Sheffield Symphony Orchestra, get proceedings started with something a little different: Chapí’s Prelude to La Revoltosa. Ruperto Chapí (1851-1909) is one of Spain’s foremost composers, writing a considerable corpus of concert and choral music and numerous zarzuelas (a sort of Spanish singspiel) with the odd opera thrown in. La Revoltosa is a farcical one-act zarzuela about a stubborn young man and the neighbourhood beauty who love each other but neither will admit it, the scene-setting prelude being one of its eight musical numbers. We are still Spain for Massenet’s ballet music from his opera Le Cid, wonderfully colourful stuff all too infrequently heard – fortunately, the SSO has a Spanish music director, Juan Ortuña! Hardly in need of any introduction, Tchaikovsky’s Fifth Symphony ends the concert at Ecclesall Parish Church, Saturday, 7.30pm – £10, £8 unwaged, £5 students.
Sheffield University Wind Orchestra, in trademark enterprising mode with pieces by Albert Reed: Viva Musica! – Concert Overture for band; Richard Strauss: Allerseelen – a song, All Souls Day (the Albert Oliver Davis transcription?); Peter Meechan: Origins for euphonium and band (a three-movement work); Kenneth Hesketh: Danceries – Lull me beyond thee, Catching of Quails, My Lady’s Rest, Quodling’s delight; Martin Ellerby: Summer Nights – Villanelle, The Ghost of the Rose, On the Lagoons, The Unknown Isle; more Strauss: Till Eulenspiegel; Steve Willaert: Clarinet in Motion; and futher Ellerby: Paris Sketches – Saint-Germain-des-Prés, Pigalle, Père Lachaise, Les Halles. A major horn part is in there somewhere (have a feeling: Worksop-born Ellerby’s Summer Nights) as Ensemble 360’s Naomi Atherton is involved. Daniel Morgan is the euphonium soloist, Rui Travasso the clarinet soloist and the conductor, as always, is Anthony Houghton in the University Concert Season at Firth Hall, Western Bank, Sunday, 7.30pm – £10, £8 over 65, £5 under 26, unwaged.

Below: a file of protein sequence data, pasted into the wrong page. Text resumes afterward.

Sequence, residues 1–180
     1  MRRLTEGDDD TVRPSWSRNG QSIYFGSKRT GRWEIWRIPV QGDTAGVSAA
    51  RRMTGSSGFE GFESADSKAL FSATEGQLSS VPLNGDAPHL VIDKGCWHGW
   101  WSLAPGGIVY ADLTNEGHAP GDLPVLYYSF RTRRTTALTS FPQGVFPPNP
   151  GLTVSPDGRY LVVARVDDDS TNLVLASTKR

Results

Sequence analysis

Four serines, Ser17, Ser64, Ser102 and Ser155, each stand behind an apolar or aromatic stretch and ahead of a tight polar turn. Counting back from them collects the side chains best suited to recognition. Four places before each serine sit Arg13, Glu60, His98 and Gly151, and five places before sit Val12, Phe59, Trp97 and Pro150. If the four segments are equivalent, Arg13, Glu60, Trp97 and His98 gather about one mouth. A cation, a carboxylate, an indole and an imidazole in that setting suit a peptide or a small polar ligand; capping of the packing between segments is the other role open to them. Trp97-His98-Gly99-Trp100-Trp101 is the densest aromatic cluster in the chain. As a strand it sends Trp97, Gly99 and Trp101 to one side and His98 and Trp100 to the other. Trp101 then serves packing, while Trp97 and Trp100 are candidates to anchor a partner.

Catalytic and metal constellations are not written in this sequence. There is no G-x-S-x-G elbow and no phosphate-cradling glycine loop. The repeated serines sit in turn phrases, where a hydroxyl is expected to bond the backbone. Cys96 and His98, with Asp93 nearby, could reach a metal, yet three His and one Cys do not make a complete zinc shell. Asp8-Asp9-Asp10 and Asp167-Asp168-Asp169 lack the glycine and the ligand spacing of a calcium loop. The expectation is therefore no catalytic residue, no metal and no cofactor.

Benjamin Nabarro and Tim Horton, Ensemble 360 violinist and pianist perform the second of Schubert’s three violin sonatas (sonatinas) penned in 1816, in A minor; and the first Brahms violin sonata, Op 78; Crucible Studio, Monday, 12.45pm – £11, £7.50 disabled, unemployed, £5 under 35, students.
Ensemble Class – 2, ditto, the same as this Thursday (19th) has to be assumed, but with different personnel. Sheffield University Lunchtime Concert at Firth Hall, Western Bank, Monday, 1.10pm – free, donations welcome.
Jessop Voices First-Year Choir, give this week’s Sheffield University Rush-Hour Concert at Firth Hall, Western Bank, Monday, 5.45pm – free, donations welcome.